Former foreign minister Avigdor Liberman said on Monday that if convicted on fraud and breach of trust charges he will resign from political life, even if not forced out by the law.

In an interview with Army Radio, the embattled head of the Yisrael Beytenu party said he agreed with the recent statements of Yair Shamir, the number 2 on his party’s list, who said that Liberman must leave public life if convicted of criminal offenses.

“Even if there is no [issue of] moral turpitude, I will not continue in politics. There must be clear norms,” Liberman said Monday, quickly adding, “I am sure I will be cleared in the end.”

Liberman stepped down as foreign minister on December 14, after the state attorney announced his intention to file an indictment against him over what then appeared to be relatively minor allegations of breach of trust and fraud.

Under Israeli law, a politician can be forced from public service for years if their conviction carries moral turpitude plus a jail or community service sentence.

Last week, Shamir, the son of former prime minister Yitzhak Shamir, said his boss should resign if he is found guilty, no matter the sentence.

“A public official who faltered while in public service must make way for those who have not. Whether the offense carries the designation of ‘moral turpitude’ or not is irrelevant,” said Shamir, a former aviation industry executive.

Saying that Shamir will “hold a senior position in the Likud-Beytenu government,” Liberman added that he had no problem with his number 2′s statement because he was sure he would be acquitted.

The impending charges stem from an incident in which Liberman allegedly received classified Justice Ministry documents in an envelope from former ambassador to Belarus Ze’ev Ben Aryeh, related to a separate investigation into fraud and money-laundering charges.

Those charges were dropped earlier in December due to lack of evidence.

On December 30, Liberman was indicted on sharpened charges, in which Deputy Foreign Minister Danny Ayalon was expected to be the main witness.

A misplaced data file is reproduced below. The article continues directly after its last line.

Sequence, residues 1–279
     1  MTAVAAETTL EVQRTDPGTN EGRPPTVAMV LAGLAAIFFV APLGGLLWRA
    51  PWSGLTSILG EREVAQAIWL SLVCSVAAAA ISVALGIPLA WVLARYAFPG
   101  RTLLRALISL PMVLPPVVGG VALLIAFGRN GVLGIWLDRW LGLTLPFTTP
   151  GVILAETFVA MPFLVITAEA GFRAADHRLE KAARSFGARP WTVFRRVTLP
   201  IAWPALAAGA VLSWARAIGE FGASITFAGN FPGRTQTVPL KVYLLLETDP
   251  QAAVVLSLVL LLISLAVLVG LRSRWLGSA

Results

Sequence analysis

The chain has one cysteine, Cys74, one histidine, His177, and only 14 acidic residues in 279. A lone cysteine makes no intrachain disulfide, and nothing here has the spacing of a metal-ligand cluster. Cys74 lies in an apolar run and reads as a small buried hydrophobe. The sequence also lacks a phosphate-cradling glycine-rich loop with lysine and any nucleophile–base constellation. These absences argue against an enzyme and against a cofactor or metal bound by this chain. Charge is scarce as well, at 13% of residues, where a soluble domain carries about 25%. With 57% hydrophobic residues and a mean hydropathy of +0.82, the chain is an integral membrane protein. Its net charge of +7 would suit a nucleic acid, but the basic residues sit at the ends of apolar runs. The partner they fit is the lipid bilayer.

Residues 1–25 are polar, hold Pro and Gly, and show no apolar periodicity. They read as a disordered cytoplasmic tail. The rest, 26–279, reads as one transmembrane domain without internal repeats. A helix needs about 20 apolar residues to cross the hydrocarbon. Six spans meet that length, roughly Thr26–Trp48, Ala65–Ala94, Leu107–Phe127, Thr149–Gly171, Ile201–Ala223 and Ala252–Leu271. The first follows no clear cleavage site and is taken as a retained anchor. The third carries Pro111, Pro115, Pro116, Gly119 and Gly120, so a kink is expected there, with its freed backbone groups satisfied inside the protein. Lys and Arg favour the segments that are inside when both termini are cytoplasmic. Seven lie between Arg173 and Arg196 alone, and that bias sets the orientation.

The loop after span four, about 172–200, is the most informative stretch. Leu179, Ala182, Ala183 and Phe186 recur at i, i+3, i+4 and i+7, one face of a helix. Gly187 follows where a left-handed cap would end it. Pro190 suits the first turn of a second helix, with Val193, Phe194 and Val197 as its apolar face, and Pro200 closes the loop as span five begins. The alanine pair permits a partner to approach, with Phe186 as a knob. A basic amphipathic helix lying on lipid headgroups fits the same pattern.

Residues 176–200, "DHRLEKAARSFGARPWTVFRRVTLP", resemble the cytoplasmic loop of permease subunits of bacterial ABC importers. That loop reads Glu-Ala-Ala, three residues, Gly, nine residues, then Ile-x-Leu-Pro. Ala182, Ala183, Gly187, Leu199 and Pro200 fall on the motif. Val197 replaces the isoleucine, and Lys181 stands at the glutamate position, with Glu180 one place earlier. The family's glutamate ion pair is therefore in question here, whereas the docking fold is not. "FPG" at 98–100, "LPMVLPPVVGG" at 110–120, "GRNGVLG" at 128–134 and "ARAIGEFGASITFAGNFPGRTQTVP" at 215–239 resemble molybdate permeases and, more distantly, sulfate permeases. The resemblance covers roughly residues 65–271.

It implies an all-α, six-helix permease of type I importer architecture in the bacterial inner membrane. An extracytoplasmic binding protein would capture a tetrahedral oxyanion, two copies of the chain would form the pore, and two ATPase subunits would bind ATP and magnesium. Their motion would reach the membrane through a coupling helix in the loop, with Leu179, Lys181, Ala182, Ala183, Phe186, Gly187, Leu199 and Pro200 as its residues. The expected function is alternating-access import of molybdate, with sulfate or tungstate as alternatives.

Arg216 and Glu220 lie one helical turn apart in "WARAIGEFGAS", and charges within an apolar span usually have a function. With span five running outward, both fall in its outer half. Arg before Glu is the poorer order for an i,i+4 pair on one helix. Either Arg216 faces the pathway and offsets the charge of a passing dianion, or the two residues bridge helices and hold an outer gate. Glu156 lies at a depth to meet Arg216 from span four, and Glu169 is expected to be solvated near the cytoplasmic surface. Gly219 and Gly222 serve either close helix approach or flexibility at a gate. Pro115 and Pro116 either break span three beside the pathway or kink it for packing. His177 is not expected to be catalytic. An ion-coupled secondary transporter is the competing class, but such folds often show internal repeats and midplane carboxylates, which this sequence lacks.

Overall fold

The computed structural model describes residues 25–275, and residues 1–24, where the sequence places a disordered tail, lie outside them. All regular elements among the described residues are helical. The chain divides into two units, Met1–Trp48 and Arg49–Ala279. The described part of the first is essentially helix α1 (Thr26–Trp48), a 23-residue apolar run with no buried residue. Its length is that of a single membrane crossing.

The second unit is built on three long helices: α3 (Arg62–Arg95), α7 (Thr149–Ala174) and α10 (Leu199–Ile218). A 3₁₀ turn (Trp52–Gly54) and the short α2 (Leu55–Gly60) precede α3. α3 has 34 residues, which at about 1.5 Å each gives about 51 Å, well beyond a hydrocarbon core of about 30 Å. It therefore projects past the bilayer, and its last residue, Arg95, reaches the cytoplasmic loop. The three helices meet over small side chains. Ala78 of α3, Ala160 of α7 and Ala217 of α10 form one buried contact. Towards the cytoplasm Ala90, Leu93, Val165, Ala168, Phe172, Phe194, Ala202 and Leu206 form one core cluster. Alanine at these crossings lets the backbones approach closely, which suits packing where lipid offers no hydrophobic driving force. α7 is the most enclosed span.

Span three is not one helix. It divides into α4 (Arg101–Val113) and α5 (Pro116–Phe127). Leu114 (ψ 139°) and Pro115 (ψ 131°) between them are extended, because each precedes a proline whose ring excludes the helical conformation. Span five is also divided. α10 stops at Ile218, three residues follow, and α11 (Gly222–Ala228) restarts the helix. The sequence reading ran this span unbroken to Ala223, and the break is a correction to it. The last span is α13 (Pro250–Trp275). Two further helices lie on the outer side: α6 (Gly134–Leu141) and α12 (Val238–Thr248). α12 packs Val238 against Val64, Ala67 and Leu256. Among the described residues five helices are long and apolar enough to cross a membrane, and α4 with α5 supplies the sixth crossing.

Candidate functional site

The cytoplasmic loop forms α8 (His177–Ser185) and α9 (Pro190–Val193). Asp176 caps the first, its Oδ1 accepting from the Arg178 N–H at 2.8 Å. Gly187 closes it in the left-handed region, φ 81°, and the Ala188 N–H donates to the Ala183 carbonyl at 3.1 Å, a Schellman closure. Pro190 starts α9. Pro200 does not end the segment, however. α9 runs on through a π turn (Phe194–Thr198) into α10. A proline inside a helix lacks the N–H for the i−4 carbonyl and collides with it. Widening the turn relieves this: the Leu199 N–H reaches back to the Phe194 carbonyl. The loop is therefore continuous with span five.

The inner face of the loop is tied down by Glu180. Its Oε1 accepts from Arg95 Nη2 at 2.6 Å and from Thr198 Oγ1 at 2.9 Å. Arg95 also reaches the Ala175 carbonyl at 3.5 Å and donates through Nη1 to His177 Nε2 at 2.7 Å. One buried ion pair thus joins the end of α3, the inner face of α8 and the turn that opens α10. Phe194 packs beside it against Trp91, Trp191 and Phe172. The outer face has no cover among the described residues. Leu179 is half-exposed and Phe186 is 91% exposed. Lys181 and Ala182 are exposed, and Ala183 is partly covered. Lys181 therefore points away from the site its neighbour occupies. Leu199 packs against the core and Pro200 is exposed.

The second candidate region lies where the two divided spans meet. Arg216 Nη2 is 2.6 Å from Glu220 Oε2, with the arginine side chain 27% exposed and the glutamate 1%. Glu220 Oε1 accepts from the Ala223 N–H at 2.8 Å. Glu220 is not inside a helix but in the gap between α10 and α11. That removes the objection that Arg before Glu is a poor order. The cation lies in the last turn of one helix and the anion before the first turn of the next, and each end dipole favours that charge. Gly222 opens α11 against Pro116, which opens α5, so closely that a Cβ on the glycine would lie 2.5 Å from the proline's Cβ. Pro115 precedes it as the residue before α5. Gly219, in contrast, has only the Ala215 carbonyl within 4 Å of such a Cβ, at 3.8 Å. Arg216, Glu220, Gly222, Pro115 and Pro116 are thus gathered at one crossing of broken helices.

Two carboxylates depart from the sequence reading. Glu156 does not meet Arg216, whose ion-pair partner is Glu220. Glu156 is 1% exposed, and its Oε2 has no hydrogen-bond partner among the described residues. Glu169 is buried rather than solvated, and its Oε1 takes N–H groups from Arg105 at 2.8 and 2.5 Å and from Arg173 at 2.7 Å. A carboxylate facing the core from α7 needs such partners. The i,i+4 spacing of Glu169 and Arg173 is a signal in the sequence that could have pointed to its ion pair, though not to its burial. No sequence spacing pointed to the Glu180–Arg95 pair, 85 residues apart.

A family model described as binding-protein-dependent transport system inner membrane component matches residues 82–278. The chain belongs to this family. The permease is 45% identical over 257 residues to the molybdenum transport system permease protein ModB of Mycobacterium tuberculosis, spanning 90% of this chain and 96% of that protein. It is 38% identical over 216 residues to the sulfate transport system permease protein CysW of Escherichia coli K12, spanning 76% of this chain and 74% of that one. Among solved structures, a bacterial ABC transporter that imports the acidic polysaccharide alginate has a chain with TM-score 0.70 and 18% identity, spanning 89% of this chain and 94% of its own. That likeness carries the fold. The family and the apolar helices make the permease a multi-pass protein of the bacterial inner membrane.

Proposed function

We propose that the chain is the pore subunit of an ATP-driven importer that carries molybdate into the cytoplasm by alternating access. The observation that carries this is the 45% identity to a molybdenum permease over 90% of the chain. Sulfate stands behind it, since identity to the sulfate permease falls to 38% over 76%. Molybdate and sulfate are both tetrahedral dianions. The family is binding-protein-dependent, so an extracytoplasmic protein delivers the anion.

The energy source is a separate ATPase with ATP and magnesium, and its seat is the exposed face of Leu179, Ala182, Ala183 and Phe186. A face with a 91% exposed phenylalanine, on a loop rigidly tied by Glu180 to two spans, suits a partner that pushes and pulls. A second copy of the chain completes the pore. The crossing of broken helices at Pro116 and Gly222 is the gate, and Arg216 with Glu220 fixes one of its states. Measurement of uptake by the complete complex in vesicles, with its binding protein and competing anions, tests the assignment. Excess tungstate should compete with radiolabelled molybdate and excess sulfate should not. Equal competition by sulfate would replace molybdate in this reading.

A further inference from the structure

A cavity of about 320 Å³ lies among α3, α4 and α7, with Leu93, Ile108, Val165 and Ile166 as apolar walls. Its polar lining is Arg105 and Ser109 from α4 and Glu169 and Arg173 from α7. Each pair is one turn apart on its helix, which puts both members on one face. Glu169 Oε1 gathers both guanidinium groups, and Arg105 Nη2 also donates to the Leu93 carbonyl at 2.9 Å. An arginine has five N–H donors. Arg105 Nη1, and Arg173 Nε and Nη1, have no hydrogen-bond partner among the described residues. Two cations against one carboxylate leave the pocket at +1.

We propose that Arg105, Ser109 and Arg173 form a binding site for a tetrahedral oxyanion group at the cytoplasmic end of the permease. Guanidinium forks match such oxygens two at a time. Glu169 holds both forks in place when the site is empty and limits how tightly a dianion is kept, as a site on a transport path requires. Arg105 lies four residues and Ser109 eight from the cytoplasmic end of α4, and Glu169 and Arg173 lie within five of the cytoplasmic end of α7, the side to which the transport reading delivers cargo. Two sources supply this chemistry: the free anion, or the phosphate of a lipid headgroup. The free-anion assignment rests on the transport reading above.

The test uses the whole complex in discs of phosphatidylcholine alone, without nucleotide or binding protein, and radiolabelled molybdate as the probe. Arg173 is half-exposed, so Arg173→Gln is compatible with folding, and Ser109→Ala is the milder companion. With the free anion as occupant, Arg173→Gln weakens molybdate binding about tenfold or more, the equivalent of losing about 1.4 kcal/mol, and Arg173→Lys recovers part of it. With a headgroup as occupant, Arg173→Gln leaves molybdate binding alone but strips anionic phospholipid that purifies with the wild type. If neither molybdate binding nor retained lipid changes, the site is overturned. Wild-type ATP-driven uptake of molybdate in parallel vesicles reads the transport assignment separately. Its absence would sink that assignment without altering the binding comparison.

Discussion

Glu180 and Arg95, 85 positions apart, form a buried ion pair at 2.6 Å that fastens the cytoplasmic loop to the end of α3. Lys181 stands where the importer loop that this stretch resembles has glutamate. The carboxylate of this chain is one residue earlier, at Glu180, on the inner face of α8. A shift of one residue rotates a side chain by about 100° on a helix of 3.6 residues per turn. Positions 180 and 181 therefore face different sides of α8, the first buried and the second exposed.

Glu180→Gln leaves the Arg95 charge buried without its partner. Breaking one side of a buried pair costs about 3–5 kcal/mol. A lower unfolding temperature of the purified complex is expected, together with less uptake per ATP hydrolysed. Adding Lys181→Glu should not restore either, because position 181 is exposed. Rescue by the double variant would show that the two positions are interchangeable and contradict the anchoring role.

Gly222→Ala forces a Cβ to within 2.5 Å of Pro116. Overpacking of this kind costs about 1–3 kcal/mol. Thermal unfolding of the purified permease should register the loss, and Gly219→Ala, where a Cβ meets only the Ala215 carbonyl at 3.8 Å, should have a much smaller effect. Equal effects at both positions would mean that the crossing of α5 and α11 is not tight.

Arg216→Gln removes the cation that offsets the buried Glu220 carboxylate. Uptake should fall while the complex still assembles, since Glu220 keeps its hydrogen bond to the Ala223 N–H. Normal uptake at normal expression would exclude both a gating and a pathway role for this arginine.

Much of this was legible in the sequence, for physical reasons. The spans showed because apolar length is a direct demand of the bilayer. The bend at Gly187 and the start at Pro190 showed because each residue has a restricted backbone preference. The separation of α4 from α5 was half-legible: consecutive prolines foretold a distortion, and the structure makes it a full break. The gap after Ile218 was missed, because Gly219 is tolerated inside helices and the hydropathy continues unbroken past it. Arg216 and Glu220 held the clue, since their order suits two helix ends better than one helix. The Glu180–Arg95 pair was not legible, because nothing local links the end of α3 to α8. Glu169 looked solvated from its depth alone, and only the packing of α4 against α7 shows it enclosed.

According to the indictment, while Liberman served as foreign minister, he explicitly instructed Ayalon to push the ministry’s appointments committee to name Ze’ev Ben Aryeh as ambassador to Latvia; Ayalon did not know Ben Aryeh personally.

Ayalon was unceremoniously omitted from Yisrael Beytenu’s Knesset election roster in early December, though a reason was never made public.

Liberman has denied rewarding Ben Aryeh in any way, noting that the ambassador was “head and shoulders” above other candidates for a subsequent job as ambassador to Latvia and that it would have been wrong to punish Ben Aryeh over the envelope incident by seeking to block such an appointment.

The Yisrael Beytenu party head expressed several times after he stepped down as foreign minister that he hoped to have the case against him closed in time for the upcoming elections on January 22.

The party is running a joint list with the ruling Likud party, with Liberman holding the second slot on the slate after Prime Minister Benjamin Netanyahu.

In Monday morning’s interview, Liberman expressed confidence that the merged Likud-Beytenu party will win at least 40 seats in the January 22 elections, despite the fact several polls have indicated somewhere in the mid-30s.

“I have stopped taking the polls seriously,” Liberman said. “I feel that these polls have become part of the campaign and that the media has changed from covering the elections to being an active part of them.”